Hi, I’m a MK. What’s that? Well, the simple definition is “missionary’s kid,” but the real definition is a whole lot more than two little words.
A missionary’s kid is very special. I have often said and have been told that it takes a special person to grow up in a foreign country (no, we don’t ride the short bus). You see, missionary’s kids often have opportunities that other kids never have. Yes, it is a privilege to be a missionary’s kid. Regular kids don’t get to sit in traffic for two hours on the only highway in a metro city. Normal kids don’t get to bargain shop in a crowded outdoor market any day of the week. They don’t get to travel six hours into the mountains and meet people who are still part of native tribes. They don’t get to see dogs being barbequed on the side of the road. You see, regular kids couldn’t handle that.
Missionaries’ kids possess several qualities that regular kids lack. We have strong stomachs. We have fantastic acclimating skills. We are awesome at packing and moving. We are expert church-goers, thank you deputation. We can wear the same church outfit for weeks, and no one would ever know, because we are in a different church every night. We know what’s good at every chain restaurant because we are taken to them by loving pastors at least three different times in one week.
There’s strong. And then there’s MK strong.
MKs deal with some of the most unique situations. I remember one of the first times my dad preached out after we had moved to the Philippines for our first term. The church had a dirt floor and rough wooden benches for pews, and the pastor’s name was Tommy Epis. Epis in Filipino means “cockroach.” We were waiting for service to begin, and we watched as an elder in the church took the pastor’s car and ran to McDonalds to get our lunch for us—well over three hours before we would actually eat it. We enjoyed cold double cheeseburgers and watered down cokes that day. It was the very best they had to offer, and let me tell you that after a service as long as that, it was pretty much delicious.
That would be the first of many interesting experiences I had overseas. My most memorable moments on the field involved food. I love food. When you live in a foreign country you learn to appreciate even little things like hot dogs. For nearly four years I went without hot dogs. But you see, I am a MK, so I can do that and still survive.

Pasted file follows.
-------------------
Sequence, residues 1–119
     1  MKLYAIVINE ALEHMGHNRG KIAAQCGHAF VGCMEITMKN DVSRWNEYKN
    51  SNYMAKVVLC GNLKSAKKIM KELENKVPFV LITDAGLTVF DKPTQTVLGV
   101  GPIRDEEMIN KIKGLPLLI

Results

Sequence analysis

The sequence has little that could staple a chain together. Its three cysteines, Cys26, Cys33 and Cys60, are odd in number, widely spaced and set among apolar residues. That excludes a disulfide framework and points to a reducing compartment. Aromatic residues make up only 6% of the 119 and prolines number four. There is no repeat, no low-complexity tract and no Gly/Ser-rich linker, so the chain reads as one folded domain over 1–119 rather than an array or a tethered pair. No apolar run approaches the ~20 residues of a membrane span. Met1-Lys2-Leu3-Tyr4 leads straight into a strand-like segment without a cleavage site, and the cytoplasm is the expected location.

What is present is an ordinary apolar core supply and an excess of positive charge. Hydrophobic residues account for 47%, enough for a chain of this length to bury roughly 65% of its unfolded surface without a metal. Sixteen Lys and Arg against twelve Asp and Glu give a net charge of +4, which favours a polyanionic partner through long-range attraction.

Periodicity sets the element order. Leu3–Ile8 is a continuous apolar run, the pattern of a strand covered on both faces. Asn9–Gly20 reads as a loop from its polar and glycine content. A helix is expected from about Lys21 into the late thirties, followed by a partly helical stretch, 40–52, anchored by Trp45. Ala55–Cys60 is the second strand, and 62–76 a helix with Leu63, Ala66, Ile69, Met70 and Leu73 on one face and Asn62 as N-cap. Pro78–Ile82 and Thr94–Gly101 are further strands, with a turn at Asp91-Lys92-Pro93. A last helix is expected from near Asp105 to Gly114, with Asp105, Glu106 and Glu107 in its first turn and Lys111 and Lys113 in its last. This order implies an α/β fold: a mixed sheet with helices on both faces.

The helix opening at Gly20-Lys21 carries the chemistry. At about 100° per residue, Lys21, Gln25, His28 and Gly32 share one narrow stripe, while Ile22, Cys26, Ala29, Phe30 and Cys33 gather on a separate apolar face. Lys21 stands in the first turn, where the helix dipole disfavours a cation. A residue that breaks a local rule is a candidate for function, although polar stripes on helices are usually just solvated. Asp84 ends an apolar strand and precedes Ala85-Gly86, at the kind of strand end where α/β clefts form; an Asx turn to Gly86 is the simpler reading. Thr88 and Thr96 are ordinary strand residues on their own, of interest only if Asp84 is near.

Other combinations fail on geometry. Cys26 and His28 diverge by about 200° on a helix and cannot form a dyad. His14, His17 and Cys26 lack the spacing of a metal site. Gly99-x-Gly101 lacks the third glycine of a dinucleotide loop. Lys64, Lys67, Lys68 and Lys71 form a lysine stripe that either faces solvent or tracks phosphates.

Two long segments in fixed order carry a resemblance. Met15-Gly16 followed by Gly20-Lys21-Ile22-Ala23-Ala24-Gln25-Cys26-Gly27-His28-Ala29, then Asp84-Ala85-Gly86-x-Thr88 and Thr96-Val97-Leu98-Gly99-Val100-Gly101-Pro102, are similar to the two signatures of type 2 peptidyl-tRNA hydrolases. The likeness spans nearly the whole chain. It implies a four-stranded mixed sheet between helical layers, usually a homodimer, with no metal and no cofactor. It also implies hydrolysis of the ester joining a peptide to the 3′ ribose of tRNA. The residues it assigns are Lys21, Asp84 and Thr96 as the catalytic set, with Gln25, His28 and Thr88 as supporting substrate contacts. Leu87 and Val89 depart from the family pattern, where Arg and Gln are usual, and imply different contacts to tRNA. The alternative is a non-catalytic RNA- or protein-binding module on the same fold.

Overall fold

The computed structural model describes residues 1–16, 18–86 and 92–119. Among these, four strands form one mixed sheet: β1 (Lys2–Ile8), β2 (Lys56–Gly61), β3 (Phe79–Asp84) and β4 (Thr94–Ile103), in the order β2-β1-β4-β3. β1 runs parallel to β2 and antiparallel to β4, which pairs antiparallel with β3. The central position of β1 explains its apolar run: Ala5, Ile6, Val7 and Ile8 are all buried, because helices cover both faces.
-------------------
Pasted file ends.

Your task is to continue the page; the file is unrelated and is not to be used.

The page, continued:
I survived because I learned to enjoy many native treats like mammon—a rice flour cake that is just barely sweet; Nestle packaged ice cream treats (never eat or drink dairy products in a foreign country unless you know its pasteurized); Fudgee Bars—brownie-like treats with fudge in the middle; and banana-que—small bananas fried in oil with melted brown sugar on them. In many ways the food makes the country, and these are just some of my sweet favorites. The meat and potatoes—actually it’s meat and rice, but that is a whole other story.
Rice is the staple food in many Asian countries, and basically if you don’t have rice with your meal, it is not complete. A MK learns to love the staple foods in a country. We’re MKs, we can make ourselves like foods that regular people would find disgusting. However, there are still some lines that MKs do not cross.
Driving through the mountains where the Ifugao tribe resides in the Philippines, I was so excited because we were actually going home. I was tired and bored of seeing miles and miles of rice terraces. We passed through a little village that was literally built on the side of the road. The shacks were sandwiched together and looked as though they were made out of corrugated cardboard. A typical family who lives in a shack has the sleeping and eating rooms indoors with an outdoor kitchen and bathroom (pretty much anywhere one can find a spot). The kitchen consists of an open fire with a grate above it for roasting or barbequing or a pot suspended over the flames. As we rode down the mountain side and passed this little village, the driver suddenly stopped and everyone turned to stare. On the side of the road a family was preparing their lunch and dinner. A dog was split open on the barbeque grate, its intestines were spilling out, and its chopped-off head rested in the corner of the grate. Paws flopping in the breeze, the dog had had his day. Poor Spot. MKs do not eat dogs.
MKs see many odd things that regular people do not get the chance to see. We have the opportunity to be exposed to a different and often fascinatingly new culture. But it’s not all fun and games. It’s not all great times and happy moments. Sometimes there are tears of loneliness and isolation. Holidays can be sad when you think about your extended family enjoying each others’ company without you. Phone calls help, but nothing can really take the place of your favorite uncle’s chocolate cake.
MKs learn to handle separation. MKs are strong. We are strong because God empowered His chosen missionaries with the ability to make it through the tough times, and He gave us the fun and interesting moments to give us strength to carry on. Yes, I said it—us, we MKs—we are missionaries. We weren’t asked if we wanted to live in a strange place and eat bizarre food; our parents just packed us up and moved us. But we are chosen by God because He knows what we can handle. We are strong. There’s strong, and then there’s MK strong.